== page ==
Sounds Like PS5 Backwards Compatibility Is Just Now Being Required of PS4 Games

Hopefully a proper reveal will shed some light.

Sony’s messaging around the PlayStation 5’s backwards compatibility has been dodgy over the past few months. Back in March, the company said that the “overwhelming majority” of PS4 games would be playable on the new system when it launches this holiday season, but today, reports are coming out that Sony has only begun requiring developers to make games compatible on the new console, which both implies that this hasn’t been the case up until this point, and that the onus will be on developers to make games playable on PlayStation 5.

The report from Eurogamer says that Sony is telling developers that games submitted for PS4 certification after July 13 must also be compatible with PlayStation 5. The option to check that a game had been tested for PS5 when submitting games was added in April, but will now reportedly be a requirement moving forward. It’s also worth noting that patches and updates go through this certification process as well, but according to the developer notes Eurogamer has seen and verified, these PS5 compatibility requirements won’t apply to any games that were submitted prior to July 13, regardless of when the patch is sent in.

As Eurogamer notes, it’s important to make the distinction between certification dates and release dates here, because right now, Ghost of Tsushima, one of Sony’s last big games for the PlayStation 4, is coming to the system on July 17, and will undoubtedly be going through the certification process long before the July 13 cut-off. While this technically means it won’t be required to make a PlayStation 5 compatibility check, it’s unlikely Sony is going to let one of its last marquee games for the PS4 not jump aboard the next-gen train. Same could be said for The Last of Us: Part II, which has gone gold and is coming in just a few short weeks.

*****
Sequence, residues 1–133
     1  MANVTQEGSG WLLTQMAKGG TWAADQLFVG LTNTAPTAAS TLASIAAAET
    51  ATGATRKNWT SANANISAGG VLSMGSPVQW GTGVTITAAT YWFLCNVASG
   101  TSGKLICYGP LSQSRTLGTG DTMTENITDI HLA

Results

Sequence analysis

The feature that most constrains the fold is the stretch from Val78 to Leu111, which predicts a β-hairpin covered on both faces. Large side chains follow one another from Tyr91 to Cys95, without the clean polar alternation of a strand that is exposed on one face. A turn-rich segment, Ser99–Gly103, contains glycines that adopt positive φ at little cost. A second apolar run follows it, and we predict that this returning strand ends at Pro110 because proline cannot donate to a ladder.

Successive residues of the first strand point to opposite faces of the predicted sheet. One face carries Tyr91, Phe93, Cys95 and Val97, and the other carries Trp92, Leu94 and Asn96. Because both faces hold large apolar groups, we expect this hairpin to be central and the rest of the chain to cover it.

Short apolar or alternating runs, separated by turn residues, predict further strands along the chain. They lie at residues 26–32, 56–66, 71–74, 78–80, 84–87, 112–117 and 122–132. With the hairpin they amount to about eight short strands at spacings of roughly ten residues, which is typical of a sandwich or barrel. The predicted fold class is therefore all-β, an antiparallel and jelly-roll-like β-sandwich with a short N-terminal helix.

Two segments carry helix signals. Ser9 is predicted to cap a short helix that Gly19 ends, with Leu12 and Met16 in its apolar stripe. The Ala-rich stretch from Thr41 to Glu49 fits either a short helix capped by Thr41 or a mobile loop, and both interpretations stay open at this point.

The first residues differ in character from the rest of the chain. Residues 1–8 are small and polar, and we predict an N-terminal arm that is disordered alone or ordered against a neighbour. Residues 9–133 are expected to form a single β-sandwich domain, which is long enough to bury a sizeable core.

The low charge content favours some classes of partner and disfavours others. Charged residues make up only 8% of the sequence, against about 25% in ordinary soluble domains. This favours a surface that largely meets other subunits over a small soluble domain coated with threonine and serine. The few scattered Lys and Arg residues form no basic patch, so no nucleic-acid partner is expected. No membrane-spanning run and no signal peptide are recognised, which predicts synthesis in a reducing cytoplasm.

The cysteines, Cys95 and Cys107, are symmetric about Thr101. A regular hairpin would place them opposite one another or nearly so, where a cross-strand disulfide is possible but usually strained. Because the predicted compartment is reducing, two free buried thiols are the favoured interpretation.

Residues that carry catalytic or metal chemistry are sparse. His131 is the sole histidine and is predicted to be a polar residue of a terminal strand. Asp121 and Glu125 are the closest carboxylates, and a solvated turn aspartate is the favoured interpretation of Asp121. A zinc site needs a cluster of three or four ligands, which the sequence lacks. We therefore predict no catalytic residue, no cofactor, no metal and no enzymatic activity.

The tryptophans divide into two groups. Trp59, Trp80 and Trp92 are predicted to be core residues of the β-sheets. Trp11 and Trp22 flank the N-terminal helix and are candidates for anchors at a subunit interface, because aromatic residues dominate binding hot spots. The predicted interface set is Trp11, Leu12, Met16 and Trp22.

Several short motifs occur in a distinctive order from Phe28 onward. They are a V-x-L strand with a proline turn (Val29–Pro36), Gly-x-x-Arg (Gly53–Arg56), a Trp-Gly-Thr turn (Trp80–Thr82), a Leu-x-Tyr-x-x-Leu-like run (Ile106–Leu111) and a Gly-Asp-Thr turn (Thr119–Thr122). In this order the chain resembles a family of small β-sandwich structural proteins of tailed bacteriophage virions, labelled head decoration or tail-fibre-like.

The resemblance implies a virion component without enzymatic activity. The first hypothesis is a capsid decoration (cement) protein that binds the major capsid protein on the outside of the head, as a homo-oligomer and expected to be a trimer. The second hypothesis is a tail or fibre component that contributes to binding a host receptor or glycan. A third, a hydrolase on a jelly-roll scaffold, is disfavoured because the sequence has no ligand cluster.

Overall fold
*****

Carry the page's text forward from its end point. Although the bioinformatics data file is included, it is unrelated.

In other news:

At any rate, Sony should probably be gearing up for a proper PlayStation 5 reveal soon, where maybe it can shed some light on the specifics of what games will or will not be playable, especially because the company is falling far behind its direct competitor in terms of revealing news. Even yesterday, Microsoft was talking about the ways that old Xbox games would be using the tech of the Xbox Series X to improve framerates and shoot for higher resolutions.

Ultimately, Sony has just been very gun shy on the PlayStation 5 in general, to the point where Epic boss Tim Sweeney had more to say about the console earlier this month during an Unreal Engine 5 presentation than Sony had said in a minute. Whatever the company has in store, there are also reports that the system is just going to be generally harder to find, as Sony is reportedly producing fewer units during the launch window this time around than it did for the PS4 in 2013.

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Kenneth Shepard

Kenneth is a Georgia-based writer who still periodically cries about the Mass Effect trilogy years after it concluded.

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